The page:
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CIR & the silience of the citirats

Written By: - Date published: 11:28 am, September 10th, 2012 - 6 comments
Categories: local body elections, petition, referendum - Tags:

The Nats’ lines on the citizens-initiated referendum on asset sales are very weak: ‘we don’t care because we have a mandate’ and making up stories about invalid signatures. Those lines will only hold until the petition is certified by the Clerk of the House later this year. Then, they’ll have to grow up a little. Their first decision will be when to hold the referendum.

The Keep Our Assets Coalition is pushing for it to be as early as possible, which would be early next year before the sale of Might River. National doesn’t want that, of course. They would prefer to push it past two of the sales if they can. So, the logical option, according to the conventional wisdom, is to hold the referendum in conjunction with the local body elections at the end of 2013.

But has the conventional wisdom considered what National’s allies in Citizens and Ratepayers would have to say about that?

Local body elections have turn-outs of around 45%, heavily weighted to the conservative end of the spectrum.

Turn-out at the last citizens-initiated referendum was 56%.

Naturally, a referendum is going to encourage turnout – primarily among those who feel strongly opposed to asset sales. With a proper campaign behind it, and the Keep Our Assets Coalition has proven it can run one of those with the petition-collection, turnout among anti-asset sales/Left voters will be even higher.

And that’s bad news for the Citirats. What happens to them if turnout of Labour and Green voters, usually low at local body elections, is boosted by half because they’re voting against the asset sales and voting in the council elections at the same time?

What happens to rightwing candidates in council elections, particularly in Auckland and Christchurch, if the question of council asset sales comes up again and again against a backdrop of a national campaign against asset sales?

Will National really risk a massacre of its local body wing and strongly anti-asset sales councils? Surely not.

But it still won’t want to hold a referendum in the first quarter of 2013 and holding one in the middle of the year would seem like a perverse attempt to avoid holding it either before the first sale or in conjunction with the local body elections – and National would be punished for its transparent cynicism. What’s an asset seller to do?

6 comments on “CIR & the silience of the citirats ”

  1. aerobubble 1

    Where’s the money, cries National, we have to sell assets, lower taxes to stimulate the economy.

    But the sad fact is that the billions lost in the finance sector would have been paying taxes!

    The sad fact that insipid legislation that fails due to its complexity (because ACT does not
    believe in government) and our legal system is incapable of providing any deterrent effect
    (oh, no not more home detention – like those on welfare who cannot afford to go out, and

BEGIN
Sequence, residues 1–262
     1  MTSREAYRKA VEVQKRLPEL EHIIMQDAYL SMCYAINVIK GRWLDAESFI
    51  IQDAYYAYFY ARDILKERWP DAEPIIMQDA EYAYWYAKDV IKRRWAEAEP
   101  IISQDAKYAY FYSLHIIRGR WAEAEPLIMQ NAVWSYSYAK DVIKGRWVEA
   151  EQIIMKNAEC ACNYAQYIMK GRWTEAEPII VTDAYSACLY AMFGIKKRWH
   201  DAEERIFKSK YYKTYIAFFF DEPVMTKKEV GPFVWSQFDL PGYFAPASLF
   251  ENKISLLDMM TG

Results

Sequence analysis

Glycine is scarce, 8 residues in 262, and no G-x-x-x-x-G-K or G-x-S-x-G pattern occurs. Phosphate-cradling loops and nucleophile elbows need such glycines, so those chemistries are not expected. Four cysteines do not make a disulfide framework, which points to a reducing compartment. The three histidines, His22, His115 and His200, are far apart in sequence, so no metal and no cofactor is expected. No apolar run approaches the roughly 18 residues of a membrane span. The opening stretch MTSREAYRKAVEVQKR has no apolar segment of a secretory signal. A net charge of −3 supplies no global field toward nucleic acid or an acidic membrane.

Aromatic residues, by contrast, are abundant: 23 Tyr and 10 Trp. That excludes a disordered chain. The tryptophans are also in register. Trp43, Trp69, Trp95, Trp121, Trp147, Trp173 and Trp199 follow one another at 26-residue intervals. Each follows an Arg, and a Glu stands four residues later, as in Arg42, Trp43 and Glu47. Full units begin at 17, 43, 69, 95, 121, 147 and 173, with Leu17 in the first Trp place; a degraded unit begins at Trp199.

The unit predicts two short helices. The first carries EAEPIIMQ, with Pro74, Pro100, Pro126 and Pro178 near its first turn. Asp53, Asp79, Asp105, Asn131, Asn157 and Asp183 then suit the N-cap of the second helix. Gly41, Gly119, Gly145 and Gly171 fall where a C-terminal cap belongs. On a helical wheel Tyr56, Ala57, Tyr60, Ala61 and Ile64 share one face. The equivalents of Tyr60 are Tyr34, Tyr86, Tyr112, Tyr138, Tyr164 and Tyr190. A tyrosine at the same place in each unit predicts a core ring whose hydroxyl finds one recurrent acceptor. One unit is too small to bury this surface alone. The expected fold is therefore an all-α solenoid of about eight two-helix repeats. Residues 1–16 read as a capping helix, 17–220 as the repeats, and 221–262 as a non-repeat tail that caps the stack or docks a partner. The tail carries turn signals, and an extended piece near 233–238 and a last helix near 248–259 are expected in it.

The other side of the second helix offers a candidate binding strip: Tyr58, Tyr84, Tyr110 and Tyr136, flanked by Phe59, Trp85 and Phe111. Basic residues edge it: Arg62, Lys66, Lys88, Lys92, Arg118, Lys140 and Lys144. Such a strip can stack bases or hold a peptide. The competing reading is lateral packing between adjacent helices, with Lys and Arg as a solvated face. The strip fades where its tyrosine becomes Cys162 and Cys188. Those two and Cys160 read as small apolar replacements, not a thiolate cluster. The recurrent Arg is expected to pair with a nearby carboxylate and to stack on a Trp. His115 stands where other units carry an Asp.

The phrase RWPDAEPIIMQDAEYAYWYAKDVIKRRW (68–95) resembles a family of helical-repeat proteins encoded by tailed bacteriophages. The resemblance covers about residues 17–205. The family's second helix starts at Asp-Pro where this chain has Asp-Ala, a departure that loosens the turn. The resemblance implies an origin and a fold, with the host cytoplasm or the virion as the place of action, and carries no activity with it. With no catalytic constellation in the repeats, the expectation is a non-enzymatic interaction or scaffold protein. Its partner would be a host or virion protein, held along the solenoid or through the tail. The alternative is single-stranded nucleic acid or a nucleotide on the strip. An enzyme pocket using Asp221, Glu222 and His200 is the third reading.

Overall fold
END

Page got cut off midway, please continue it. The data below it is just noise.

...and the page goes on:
don’t have basic heating let alone high end broadband – is home detention for a financial
    fraudster punishment???).

    National are soft on crime and soft on government, soft on the economy, and soft in the head.

  2. Tiger Mountain 2

    The “shits and ratz” won’t be getting away with this one as easily as they might have once. Despite the many deficiencies of ACT’s deadly spawn the Orcland super city, one feature stands out: less rocks to hide under for the right. CCOs on down are a lot more knowable, if not necessarily accountable, to those prepared to investigate and follow up.

  3. gobsmacked 3

    Quite a dilemma. Key’s response was to re-invent the NZ constitution, saying “we’ll need to check those signatures”, or words to that effect. Interesting use of “we”!

    I’d love to see the left embrace a move to greater public participation. Suggestion: let’s have Democracy Day every year (e.g. Oct/Nov) – a fixed date, like the first Saturday in the month.

    Every 3 years: Parliament. Every 3 years: Local. And the third one: Referendum.

    If Labour or the Greens campaigned for “Democracy Day” they would get a bandwagon of support. People feel disenfranchised, frustrated, for many reasons. They don’t just want to replace Team A with Team B. A move to increase turnout would empower the voters and strengthen democracy. Just a thought.

  4. Adrian 4

    Now that one of our national “iconic” ( i hate that word ) companies being sold to the Chinese and almost certainly completely leaving NZ and the huge job losses that will entail any hope Key had for pressing on with asset sales has had an F&P K.O.

  5. Ed 5

    The left need to do a better job of identifying their own candidates from those of the right – with a large number of self-styled “independents”, all many voters have to go on is whether they recognise a name; the blurbs all candidates write are full of motherhood statements.

    Voting for names you do not know without any meaningful affiliations or differences in policy statements – or even identification on sites like this, would lead a lot of people to not bother again.

  6. Steve Wrathall 6

    Have it after the general election, like helen clark did

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